Scientists have been working for decades to create an optical prosthesis that restores at least partial vision to those suffering from retinitis pigmentosa, macular degeneration and other retina-damaging diseases. Some retinal implants have begun to deliver on that promise, but the challenge remains for researchers to develop a technology that, in addition to providing clear images, can be worn comfortably over the long term.
Germany’s Retina Implant, AG, thinks it has made great strides in both areas, an assertion that will be put to the test later this year when the company launches its phase II human clinical trial, placing subretinal (under retina) implants in about 50 patients over the next few years. Meanwhile, Sylmar, Calif.–based Second Sight Medical Products plans to make its epiretinal (over retina) implants commercially available in Europe later this year. Researchers at the Massachusetts Institute of Technology and other institutions and medical technology companies are likewise developing retinal implants—the retina lines the eye’s inner surface and records images in patterns of light and color—but are not as far along as Retina Implant or Second Sight.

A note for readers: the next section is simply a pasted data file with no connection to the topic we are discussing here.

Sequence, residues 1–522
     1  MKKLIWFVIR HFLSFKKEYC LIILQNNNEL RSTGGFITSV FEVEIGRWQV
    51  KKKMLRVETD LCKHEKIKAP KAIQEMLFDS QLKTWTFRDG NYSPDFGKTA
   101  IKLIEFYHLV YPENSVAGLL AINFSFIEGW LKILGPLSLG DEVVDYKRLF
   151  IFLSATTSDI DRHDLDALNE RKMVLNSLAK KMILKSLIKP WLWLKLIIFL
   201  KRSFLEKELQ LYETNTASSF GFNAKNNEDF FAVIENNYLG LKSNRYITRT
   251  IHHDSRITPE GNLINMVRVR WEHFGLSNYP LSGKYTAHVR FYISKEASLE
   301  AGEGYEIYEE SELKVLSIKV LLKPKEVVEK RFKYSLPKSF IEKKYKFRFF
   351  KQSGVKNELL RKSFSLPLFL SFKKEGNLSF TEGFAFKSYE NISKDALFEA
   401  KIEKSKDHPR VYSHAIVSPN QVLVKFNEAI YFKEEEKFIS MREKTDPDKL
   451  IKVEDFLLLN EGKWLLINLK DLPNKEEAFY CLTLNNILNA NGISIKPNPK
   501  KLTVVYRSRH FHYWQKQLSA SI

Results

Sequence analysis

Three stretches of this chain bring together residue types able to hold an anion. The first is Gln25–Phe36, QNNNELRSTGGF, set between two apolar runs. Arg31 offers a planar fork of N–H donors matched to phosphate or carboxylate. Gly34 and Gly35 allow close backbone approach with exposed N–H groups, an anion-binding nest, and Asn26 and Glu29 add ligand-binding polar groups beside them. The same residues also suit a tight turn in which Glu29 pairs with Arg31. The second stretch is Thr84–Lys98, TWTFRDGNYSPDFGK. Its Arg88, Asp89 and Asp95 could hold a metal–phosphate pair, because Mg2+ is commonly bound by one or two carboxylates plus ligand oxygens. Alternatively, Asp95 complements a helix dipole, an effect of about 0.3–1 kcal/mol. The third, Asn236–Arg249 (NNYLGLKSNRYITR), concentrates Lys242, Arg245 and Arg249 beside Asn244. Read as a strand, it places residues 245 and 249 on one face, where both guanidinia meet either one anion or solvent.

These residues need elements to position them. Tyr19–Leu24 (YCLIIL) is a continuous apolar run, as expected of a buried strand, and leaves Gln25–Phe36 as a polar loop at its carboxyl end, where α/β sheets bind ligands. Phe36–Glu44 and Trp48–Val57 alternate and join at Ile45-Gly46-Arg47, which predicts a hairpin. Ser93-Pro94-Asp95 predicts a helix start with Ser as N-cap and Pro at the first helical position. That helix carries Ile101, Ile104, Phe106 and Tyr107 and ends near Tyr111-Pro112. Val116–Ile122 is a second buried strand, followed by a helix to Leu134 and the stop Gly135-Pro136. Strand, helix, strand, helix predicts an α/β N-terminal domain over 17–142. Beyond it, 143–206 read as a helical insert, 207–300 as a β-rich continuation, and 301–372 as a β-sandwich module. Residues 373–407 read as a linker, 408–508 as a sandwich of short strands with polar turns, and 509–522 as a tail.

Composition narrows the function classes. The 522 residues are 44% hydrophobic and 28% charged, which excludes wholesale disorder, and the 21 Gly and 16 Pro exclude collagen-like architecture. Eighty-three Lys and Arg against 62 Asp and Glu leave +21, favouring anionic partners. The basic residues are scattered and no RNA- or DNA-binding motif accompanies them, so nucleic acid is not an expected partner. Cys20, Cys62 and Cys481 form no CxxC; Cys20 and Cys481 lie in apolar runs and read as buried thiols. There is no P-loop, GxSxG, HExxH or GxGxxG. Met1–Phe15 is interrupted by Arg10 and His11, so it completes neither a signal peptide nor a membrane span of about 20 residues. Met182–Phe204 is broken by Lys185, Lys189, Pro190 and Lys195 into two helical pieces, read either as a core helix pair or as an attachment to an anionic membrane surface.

Retina Implant’s initial human clinical trial, started in 2005, improved the eyesight of 11 patients to the point where they were able to recognize objects as well as see shapes so clearly they could combine individual letters to form words or, essentially, read at a basic level at normal reading distance and in regular light conditions, says Eberhart Zrenner, the company’s co-founder and director and chairman of the University of Tübingen’s Institute for Ophthalmic Research in Germany. Zrenner presented the trial’s results in May at the 2010 Association for Research in Vision and Ophthalmology‘s annual meeting in Fort Lauderdale, Fla.
Retina Implant’s phase II clinical trial seeks to implant the latest version of the company’s technology in a larger pool of patients. The new implant no longer has external parts—its power supply is positioned under the skin behind the ear, connected with a thin cable that leads to the eyeball so that the chip does not move once implanted. (This could damage the chip.)
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